A new study from UK think tank Demos in conjunction with health charity The King’s Fund looks at how the internet and in particular social media can be used to shape health policy.
It reveals that 43 percent of internet users have now used the web to access health information, up from just 18 percent in 2007. Alongside well-administrated official sources, unregulated online forums have grown to be valuable spaces for users to discuss conditions and treatments, ask questions, and share advice with those who have had similar experiences.
The study shows that these forums represent a rich source of qualitative data, ranging from discussions of medication side effects to detailed patient opinions on hospitals and treatments. These remain largely untapped by healthcare professionals, however, due to the difficulty of analysing such vast quantities of unstructured data.
The paper also examines in detail how such data can be accessed and used in a way that could improve understanding of conditions and support, but remains ethical and respects user privacy. Researchers carried out a pilot study, reading posts on publicly available forums using a modified web scraper and anonymizing the data. Researchers then trained bespoke ‘Natural Language Processing’ algorithms to answer specific questions about how users discuss mental health online.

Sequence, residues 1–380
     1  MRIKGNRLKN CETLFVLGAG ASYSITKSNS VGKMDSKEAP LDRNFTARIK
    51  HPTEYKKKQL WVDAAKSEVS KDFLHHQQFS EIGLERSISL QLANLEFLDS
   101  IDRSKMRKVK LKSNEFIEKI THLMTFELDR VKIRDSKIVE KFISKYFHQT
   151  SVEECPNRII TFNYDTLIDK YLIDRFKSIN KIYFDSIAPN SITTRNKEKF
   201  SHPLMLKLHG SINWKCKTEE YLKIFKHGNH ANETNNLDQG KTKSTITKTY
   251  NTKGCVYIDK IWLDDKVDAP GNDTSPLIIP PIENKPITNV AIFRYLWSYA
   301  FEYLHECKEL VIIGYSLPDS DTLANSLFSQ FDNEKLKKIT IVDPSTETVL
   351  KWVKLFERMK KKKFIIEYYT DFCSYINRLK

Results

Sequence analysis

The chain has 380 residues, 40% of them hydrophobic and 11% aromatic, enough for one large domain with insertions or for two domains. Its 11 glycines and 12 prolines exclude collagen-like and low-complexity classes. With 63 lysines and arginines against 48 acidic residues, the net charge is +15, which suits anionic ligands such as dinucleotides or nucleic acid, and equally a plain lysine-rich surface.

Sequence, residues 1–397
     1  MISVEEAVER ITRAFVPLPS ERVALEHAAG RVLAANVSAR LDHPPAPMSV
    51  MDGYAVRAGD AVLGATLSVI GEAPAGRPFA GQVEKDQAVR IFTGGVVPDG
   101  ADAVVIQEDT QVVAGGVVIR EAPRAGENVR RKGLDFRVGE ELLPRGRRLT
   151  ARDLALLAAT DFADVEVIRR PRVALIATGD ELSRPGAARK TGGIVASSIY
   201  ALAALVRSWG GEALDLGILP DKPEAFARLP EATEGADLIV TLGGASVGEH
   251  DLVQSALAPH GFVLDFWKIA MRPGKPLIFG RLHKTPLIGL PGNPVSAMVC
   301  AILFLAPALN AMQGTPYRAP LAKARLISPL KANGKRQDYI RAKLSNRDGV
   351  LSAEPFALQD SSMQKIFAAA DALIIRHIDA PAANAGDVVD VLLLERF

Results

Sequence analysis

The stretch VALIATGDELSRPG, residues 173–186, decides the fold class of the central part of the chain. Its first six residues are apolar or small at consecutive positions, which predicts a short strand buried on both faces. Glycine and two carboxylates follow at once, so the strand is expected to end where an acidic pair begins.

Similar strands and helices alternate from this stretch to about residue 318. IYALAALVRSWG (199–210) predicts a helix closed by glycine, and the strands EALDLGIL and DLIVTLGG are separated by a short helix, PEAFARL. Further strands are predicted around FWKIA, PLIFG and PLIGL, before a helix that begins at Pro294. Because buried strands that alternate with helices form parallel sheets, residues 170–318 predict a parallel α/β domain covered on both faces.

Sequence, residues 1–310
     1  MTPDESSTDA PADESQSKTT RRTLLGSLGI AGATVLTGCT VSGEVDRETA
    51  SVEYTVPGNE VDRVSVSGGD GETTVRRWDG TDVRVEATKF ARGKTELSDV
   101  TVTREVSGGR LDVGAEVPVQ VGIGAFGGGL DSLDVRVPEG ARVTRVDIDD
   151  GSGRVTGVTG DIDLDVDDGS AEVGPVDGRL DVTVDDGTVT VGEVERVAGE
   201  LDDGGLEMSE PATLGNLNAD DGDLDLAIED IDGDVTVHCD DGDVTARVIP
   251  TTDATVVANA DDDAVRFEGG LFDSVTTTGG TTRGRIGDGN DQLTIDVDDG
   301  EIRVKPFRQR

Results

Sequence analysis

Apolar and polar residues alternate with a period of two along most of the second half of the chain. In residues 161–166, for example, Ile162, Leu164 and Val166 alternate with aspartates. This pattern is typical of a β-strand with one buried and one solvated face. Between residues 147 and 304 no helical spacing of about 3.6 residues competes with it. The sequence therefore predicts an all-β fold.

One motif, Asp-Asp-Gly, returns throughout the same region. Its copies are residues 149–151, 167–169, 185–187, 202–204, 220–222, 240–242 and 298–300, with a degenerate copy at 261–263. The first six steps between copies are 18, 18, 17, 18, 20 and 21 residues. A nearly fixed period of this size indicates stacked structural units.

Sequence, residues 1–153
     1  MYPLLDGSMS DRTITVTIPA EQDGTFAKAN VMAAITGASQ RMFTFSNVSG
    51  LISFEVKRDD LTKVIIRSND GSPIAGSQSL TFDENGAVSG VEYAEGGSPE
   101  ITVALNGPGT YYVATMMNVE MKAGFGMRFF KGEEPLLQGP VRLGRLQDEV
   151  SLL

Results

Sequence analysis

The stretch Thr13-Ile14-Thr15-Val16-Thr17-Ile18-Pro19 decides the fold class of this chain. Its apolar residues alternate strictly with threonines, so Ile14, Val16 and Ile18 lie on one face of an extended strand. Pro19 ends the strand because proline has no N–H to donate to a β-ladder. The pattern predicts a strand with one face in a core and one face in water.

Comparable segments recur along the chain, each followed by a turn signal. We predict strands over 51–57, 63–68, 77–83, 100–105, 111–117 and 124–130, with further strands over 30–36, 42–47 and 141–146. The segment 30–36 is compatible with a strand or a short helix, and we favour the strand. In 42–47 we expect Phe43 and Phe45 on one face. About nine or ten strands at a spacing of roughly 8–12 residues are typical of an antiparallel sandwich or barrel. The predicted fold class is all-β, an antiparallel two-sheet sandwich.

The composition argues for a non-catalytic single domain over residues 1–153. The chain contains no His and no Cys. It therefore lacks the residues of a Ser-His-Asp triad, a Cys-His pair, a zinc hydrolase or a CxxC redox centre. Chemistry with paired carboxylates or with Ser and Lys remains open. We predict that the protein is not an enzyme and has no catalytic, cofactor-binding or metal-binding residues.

The piloted software had a high accuracy rate (72 percent) in identifying posts describing experiences of patients who have a personal experience of CBT, a form of therapy. The process was able to identify a wide range of narratives involving the effectiveness, perception of and demand for this treatment.
“This pilot project demonstrates that public online health forums could prove to be a valuable resource for policymakers and practitioners who want to better understand the experiences of often hard to reach communities,” says Josh Smith, researcher in the Centre for the Analysis of Social Media at Demos. “It highlights the potential for new technology and methodologies to provide a whole new perspective on mental health, while laying the foundations for this work to be conducted in an ethical and effective manner.”
The full paper detailing the results of the research is available on the Demos website.
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